This story was written by Joseph Tartakoff.
With its main daily print competitor shut down, The Seattle Times claims that it is now “starting to operate in the black,” according to a NYT report. That’s quite a contrast from earlier this year when there were rampant rumors that the newspaper was going to have to file for bankruptcy protection, even though the rival Seattle Post-Intelligencer was set to close.
On the revenue side, the company says its circulation has increased by 30 percent since the P-I shut down in mid-March. Under a joint operating agreement with the P-I, the Times sold ads for both papers and it has been able to maintain the same ad rates. The Times has also benefited from a series of cost cuts, including layoffs, mandatory furloughs and frozen pensions. Even the state has pitched in, cutting taxes for newspaper printers by about 40 percent.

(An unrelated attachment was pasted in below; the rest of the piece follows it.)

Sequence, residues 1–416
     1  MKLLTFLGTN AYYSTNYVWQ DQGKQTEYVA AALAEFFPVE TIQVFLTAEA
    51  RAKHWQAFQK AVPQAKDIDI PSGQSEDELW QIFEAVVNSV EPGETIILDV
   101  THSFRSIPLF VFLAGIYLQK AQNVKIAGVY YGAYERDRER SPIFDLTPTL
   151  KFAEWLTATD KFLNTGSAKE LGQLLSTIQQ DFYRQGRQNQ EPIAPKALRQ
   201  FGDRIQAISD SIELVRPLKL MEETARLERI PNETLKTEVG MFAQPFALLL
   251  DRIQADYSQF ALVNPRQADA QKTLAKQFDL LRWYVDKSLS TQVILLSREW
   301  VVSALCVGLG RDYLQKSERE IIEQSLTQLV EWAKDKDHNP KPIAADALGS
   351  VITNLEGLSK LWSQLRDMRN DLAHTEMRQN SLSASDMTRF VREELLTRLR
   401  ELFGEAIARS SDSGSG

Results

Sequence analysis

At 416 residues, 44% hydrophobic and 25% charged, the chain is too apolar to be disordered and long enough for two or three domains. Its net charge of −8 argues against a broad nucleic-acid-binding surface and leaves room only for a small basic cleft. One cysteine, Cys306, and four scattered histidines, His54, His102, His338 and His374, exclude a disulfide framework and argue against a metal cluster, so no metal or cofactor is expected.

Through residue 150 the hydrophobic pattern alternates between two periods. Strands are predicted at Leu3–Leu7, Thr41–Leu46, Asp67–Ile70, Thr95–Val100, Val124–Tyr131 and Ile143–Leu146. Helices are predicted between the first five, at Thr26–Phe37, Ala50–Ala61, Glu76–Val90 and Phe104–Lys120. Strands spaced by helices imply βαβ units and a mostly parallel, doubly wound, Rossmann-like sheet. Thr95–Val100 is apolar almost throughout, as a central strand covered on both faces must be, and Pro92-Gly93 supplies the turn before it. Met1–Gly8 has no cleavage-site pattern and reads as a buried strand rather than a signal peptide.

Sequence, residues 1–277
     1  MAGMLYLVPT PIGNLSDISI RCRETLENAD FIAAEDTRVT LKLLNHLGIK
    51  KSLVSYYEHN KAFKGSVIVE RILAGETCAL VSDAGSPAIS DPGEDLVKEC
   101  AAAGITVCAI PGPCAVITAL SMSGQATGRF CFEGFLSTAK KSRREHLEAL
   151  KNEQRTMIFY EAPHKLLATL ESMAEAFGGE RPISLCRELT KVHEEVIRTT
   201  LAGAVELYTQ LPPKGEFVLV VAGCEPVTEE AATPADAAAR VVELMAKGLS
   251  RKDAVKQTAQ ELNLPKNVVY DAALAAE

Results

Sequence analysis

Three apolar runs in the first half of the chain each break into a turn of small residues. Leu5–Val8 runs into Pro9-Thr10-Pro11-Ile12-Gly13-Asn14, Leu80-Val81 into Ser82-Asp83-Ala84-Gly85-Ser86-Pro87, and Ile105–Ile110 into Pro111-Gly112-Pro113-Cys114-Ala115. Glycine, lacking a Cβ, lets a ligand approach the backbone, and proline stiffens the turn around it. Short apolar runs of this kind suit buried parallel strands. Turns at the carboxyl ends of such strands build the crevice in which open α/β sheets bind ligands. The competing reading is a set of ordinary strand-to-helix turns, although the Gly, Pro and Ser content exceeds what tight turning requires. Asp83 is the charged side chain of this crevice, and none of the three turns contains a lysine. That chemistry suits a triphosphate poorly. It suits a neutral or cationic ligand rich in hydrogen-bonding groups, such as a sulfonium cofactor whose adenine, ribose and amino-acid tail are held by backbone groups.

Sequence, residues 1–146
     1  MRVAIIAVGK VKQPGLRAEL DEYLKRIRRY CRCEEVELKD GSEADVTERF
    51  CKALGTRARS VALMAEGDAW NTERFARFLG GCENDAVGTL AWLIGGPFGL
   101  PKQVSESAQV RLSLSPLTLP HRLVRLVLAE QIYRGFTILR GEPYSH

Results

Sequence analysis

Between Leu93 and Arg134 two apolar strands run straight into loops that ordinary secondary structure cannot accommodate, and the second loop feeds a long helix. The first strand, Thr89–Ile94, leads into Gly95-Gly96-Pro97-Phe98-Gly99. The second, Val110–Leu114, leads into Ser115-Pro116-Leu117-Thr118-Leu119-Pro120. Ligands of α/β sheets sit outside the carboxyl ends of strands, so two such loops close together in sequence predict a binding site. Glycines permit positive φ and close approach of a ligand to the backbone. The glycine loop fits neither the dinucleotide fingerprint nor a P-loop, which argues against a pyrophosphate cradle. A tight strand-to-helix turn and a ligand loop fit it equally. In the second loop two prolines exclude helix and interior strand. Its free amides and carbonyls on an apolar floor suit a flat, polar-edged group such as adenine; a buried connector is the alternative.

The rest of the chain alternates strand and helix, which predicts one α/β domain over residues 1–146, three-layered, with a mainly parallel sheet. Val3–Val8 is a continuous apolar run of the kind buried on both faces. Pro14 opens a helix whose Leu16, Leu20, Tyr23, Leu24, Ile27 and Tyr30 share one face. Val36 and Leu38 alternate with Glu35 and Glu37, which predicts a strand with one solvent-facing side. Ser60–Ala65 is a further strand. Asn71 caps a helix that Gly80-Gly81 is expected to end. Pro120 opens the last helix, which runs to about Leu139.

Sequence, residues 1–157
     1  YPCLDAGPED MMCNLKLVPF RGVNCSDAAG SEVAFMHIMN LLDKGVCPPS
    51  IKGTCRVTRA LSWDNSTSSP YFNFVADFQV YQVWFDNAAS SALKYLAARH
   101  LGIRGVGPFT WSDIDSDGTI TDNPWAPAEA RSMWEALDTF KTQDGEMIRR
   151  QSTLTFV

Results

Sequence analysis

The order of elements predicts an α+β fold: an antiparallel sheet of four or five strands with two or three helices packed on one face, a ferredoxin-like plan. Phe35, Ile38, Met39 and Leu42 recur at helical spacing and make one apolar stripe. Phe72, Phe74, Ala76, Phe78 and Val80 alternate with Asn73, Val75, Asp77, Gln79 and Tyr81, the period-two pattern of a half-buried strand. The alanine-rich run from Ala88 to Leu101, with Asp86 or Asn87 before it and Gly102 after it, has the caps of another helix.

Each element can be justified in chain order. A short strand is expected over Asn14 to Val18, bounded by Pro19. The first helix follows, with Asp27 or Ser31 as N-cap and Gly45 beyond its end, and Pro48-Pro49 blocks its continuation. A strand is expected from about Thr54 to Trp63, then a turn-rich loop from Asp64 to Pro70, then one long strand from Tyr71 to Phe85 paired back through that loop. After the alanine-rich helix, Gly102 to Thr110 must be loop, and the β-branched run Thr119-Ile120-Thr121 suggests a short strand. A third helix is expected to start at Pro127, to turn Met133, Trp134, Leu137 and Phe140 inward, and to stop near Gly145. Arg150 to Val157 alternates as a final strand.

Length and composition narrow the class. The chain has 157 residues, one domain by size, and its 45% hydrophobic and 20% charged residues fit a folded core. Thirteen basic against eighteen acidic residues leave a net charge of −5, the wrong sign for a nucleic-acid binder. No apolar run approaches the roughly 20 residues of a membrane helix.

Big challenges remain. The circulation increase itself is not too surprising considering that the Times somewhat controversially automatically switched P-I subscribers to its own paper. It will be worth watching how long these “new” subs keep paying up.
And in its digital business, the Times continues to face stiff competition. While P-I owner Hearst Corp. shut down the print operations of the P-I, it continues to operate the P-I website and Hearst tells the NYT that both traffic and revenue on the site are tracking above expectations.
Of course, the bounce that the Times has received from the P-I‘s closing is unlikely to be replicated in many other cities. As of December, there were only about 10 two-daily cities left in the United States.
By Joseph Tartakoff